A few weeks ago, Northern Trust came under fire for sponsoring a golf tournament (The Northern Trust Open, formerly the LA Open) while at the same time having taken TARP (Troubled Asset Relief Program) money from the government.
Good for them!
Northern Trust is one of several banks that didn’t need the TARP money, but was “forced” to do so by the Bush Administration. The idea was that with the TARP money, Northern Trust and other healthy institutions would purchase bad banks and restore the system to health.
There were no restrictions on what the banks could do with the money—unlike the ridiculous restrictions on the auto industry—and Northern Trust apparently has used the TARP money to do what it was supposed to. But America’s number one hypocrite, Barney Frank, saw an opportunity to make political points by going after Northern Trust.
Northern Trust Chief Executive Frederick Waddel wrote in a letter:
We understand this is a time of great anxiety and financial distress, and your question regarding our support of an event such as the Northern Trust Open is legitimate. We deeply regret that some of the events associated with the Northern Trust Open have distracted from the positive nature of an event that has raised more than $50 million for charity since its inception.”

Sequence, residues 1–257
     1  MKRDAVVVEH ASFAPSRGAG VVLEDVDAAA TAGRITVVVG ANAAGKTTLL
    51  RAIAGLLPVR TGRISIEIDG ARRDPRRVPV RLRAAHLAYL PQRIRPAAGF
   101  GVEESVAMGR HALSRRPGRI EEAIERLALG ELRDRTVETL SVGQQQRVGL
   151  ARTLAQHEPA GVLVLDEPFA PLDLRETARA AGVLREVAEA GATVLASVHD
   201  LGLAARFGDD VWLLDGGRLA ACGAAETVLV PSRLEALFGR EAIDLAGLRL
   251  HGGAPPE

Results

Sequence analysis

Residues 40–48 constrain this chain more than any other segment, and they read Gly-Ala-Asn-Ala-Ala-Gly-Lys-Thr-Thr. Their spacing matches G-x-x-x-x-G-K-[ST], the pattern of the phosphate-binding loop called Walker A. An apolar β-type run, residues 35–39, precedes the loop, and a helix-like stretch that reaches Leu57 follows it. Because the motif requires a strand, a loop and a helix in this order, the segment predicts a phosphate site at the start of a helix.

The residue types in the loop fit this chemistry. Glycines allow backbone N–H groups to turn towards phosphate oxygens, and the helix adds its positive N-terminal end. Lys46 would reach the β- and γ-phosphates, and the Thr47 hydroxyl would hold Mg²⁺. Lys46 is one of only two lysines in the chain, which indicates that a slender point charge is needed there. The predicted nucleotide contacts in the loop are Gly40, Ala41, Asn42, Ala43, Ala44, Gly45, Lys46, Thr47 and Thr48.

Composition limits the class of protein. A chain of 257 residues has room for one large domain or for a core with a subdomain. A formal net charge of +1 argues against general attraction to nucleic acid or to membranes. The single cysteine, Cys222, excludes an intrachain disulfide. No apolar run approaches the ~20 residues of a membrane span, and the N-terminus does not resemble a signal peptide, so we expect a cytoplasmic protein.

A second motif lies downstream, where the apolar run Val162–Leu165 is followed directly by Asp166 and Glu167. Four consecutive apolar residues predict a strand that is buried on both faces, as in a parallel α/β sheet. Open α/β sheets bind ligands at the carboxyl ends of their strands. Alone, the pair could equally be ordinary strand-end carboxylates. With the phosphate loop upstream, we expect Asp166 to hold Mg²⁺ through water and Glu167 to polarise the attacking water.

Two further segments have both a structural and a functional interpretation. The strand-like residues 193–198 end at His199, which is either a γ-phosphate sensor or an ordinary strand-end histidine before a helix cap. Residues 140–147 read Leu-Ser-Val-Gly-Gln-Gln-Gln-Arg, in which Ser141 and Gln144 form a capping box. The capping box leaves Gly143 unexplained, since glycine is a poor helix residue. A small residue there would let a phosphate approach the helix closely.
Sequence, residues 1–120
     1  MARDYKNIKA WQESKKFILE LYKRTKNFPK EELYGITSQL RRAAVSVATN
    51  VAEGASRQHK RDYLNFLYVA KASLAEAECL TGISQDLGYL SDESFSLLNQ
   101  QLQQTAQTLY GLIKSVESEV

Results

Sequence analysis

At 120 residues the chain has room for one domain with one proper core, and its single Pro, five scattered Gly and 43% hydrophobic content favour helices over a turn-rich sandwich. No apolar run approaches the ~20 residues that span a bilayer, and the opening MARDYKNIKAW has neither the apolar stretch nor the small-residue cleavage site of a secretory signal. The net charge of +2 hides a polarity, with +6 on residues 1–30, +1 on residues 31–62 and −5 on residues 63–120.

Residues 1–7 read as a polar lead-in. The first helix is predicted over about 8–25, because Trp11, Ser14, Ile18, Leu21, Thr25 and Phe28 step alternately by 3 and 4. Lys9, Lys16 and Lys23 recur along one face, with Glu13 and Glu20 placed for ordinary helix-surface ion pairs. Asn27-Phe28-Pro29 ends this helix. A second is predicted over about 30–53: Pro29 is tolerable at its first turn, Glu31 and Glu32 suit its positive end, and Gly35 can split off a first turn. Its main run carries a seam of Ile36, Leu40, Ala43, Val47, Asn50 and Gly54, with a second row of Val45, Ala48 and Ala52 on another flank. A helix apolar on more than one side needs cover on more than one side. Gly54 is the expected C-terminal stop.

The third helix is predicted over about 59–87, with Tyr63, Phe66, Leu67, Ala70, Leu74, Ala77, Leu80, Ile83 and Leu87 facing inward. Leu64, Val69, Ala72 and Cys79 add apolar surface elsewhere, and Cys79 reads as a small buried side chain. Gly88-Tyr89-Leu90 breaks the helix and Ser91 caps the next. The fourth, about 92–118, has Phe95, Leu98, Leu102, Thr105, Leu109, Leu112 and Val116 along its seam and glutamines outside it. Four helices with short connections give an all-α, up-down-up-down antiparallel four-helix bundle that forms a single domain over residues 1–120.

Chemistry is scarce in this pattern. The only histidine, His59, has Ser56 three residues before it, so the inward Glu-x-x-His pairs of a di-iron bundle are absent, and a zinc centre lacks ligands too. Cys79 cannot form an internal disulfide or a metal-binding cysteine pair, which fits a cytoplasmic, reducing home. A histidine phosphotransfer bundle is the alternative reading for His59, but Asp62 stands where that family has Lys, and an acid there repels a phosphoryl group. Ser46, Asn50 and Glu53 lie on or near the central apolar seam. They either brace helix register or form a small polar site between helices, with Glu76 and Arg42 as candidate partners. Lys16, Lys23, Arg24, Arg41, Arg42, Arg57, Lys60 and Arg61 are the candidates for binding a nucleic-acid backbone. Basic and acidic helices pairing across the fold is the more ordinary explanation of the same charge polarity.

“While our client educational and entertainment activities have all been within applicable guidelines under the Capital Purchase Program, we will redouble our efforts to ensure that these activities are appropriate given the current environment.”
Frank is a real piece of work. If Americans are looking for a scapegoat for the financial crisis, they need look no further than the moronic Congressman from Boston. From the Boston Herald:
Time and time again, Frank insisted that Fannie Mae and Freddie Mac were in good shape. Five years ago, for example, when the Bush administration proposed much tighter regulation of the two companies, Frank was adamant that “these two entities, Fannie Mae and Freddie Mac, are not facing any kind of financial crisis.” When the White House warned of “systemic risk for our financial system” unless the mortgage giants were curbed, Frank complained that the administration was more concerned about financial safety than about housing.
Frank ran interference for these institutions, blocking Bush administration efforts that would have spared us the current pain, all the while benefiting from large donations from those institutions, and Countrywide.
Northern Trust did the right thing. The sad part is that they were forced into that position in the first place.